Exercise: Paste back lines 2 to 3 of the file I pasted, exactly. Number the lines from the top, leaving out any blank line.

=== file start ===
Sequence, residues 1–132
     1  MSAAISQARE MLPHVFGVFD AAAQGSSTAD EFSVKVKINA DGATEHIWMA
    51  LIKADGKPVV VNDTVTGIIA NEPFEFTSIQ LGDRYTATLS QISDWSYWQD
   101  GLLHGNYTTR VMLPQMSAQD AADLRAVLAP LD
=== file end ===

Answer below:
     1  MSAAISQARE MLPHVFGVFD AAAQGSSTAD EFSVKVKINA DGATEHIWMA
    51  LIKADGKPVV VNDTVTGIIA NEPFEFTSIQ LGDRYTATLS QISDWSYWQD